If you choose to celebrate your engagement by throwing a shindig — (some do and some do not)– here are some helpful hints on what and what not to do. 

First off, it is a great way to introduce and get to know family and friends on both sides.  However, there are not a lot of guidelines as to what and how to do it.  Good news is pretty much anything goes…as long as it is in good taste, of course.  Traditionally, the bride’s parents would host this party, but that doesn’t always make sense, depending on where everyone lives.  The groom’s parents could just as easily be the hosts, as could another family member or close friend. 

The timing of this event can vary, but most tend to take place anywhere from two months after the engagement up to six months before the wedding.  You don’t want to have it too close to the wedding, or any of the pre-wedding showers and parties.  If you are having a short engagement, then there may not even be time for a party…instead, get focused on the wedding itself!

Gifts should not be expected, although some people may bring them.  Please do not open any gifts at the party, as that would be awkward for those guests who did not bring one.  Also, it then stands to reason that you don’t need to stress about going out and registering for gifts before this party. 

One of the most important items to note:  The guest list for the engagement party needs to be limited to only those who will also be invited to the wedding!  If you are not sure about the size of your wedding, keep the party small and include those family and friends that you KNOW will be invited.  The other option is to wait until you do have a better idea of the size of the wedding.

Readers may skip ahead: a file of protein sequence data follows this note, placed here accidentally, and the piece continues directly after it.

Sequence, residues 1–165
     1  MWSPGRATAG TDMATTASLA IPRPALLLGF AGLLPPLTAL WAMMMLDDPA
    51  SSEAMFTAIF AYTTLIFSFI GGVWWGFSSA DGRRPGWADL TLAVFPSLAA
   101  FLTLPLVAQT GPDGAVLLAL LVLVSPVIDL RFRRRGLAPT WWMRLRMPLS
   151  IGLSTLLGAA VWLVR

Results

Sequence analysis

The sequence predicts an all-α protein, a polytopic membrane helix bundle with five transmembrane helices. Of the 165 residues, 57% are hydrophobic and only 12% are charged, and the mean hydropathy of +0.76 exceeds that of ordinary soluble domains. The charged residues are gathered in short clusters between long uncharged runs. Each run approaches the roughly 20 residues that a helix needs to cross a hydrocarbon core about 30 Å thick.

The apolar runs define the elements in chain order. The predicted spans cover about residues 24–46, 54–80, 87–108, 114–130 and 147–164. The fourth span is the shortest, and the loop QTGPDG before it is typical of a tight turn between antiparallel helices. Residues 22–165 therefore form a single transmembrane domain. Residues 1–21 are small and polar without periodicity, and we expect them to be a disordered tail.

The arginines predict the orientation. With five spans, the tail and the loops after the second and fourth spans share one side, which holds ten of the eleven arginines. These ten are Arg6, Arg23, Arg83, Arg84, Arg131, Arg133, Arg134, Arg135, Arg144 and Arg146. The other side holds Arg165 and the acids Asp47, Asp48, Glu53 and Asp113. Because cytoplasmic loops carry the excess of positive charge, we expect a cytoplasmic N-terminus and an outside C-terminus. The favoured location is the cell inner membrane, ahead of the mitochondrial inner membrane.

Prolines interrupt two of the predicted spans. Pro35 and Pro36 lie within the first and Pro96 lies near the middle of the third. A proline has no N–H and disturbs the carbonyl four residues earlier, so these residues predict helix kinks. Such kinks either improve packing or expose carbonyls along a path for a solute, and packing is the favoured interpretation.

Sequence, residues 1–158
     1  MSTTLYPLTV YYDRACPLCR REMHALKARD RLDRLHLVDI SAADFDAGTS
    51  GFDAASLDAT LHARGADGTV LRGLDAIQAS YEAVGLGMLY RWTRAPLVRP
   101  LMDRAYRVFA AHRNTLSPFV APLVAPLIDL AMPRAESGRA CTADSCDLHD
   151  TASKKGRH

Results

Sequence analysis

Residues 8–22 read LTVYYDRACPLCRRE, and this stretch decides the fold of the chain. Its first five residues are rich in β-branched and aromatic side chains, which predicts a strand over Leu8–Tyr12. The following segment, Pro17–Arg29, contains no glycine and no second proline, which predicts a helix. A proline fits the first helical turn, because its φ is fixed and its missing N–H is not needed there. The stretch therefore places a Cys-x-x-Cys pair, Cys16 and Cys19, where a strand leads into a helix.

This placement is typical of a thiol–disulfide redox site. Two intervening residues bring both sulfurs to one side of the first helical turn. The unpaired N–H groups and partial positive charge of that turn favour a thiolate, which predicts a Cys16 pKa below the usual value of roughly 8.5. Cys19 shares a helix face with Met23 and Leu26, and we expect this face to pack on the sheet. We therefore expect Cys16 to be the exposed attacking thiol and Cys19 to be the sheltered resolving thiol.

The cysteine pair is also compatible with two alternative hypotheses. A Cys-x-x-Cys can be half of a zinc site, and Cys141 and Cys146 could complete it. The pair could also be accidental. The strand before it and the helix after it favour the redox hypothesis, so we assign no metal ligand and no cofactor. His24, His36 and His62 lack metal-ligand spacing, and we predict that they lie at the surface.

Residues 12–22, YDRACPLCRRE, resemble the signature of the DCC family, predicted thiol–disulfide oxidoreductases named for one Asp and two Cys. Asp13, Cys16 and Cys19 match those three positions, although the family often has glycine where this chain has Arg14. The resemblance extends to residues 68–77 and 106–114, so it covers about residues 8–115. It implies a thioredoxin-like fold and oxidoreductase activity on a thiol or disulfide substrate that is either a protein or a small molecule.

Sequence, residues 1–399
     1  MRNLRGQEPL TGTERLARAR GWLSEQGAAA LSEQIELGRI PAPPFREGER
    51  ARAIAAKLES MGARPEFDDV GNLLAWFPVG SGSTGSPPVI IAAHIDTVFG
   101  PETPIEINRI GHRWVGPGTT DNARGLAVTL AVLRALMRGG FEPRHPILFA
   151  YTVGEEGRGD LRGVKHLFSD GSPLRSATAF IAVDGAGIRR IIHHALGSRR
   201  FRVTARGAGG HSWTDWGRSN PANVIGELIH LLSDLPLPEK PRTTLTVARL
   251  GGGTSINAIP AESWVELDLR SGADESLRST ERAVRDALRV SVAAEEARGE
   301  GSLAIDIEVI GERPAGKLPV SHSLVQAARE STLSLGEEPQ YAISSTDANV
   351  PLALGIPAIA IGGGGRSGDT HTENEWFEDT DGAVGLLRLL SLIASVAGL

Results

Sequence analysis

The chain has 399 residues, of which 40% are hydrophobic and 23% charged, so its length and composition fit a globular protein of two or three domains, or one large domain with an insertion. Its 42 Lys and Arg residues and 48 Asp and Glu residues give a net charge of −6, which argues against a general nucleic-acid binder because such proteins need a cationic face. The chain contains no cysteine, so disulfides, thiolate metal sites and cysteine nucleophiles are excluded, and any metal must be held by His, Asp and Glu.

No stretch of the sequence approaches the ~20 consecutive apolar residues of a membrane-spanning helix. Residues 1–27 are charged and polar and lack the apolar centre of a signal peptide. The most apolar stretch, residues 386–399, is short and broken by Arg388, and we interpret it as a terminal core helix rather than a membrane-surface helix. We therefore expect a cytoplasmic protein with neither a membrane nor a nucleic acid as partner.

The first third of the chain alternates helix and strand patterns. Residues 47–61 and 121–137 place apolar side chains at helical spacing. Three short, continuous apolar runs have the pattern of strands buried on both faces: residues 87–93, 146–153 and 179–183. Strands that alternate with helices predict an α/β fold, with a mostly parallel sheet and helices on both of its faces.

The timeline for the party itself is pretty simple — again, this is really an opportunity for friends and family to mix and mingle and get to know one another.  You might make name tags that denote how the person knows the bride and groom — that can serve as an easy ice-breaker / conversation starter.  The father of the bride will typically make a toast to the couple, once everyone has arrived.  (If the FOB is not available, it could also be the mother of the bride, a brother or uncle or grandparent, or one of the groom’s parents.)  Remember, as the person (couple) being toasted — you do not raise your own glass to yourself.  (And you are technically not supposed to drink to yourself either, but it seems like most people do, and no one thinks twice about it.)  It is also proper for the bride and groom to make a brief comment  to the guests thanking the hosts and everyone for attending. 

This will also be the first of several times you will need to send a written thank-you and a gift to the host of the party.  You will want to do this for all of your showers and other parties as well!  And don’t forget thank-you notes for any gifts that you received.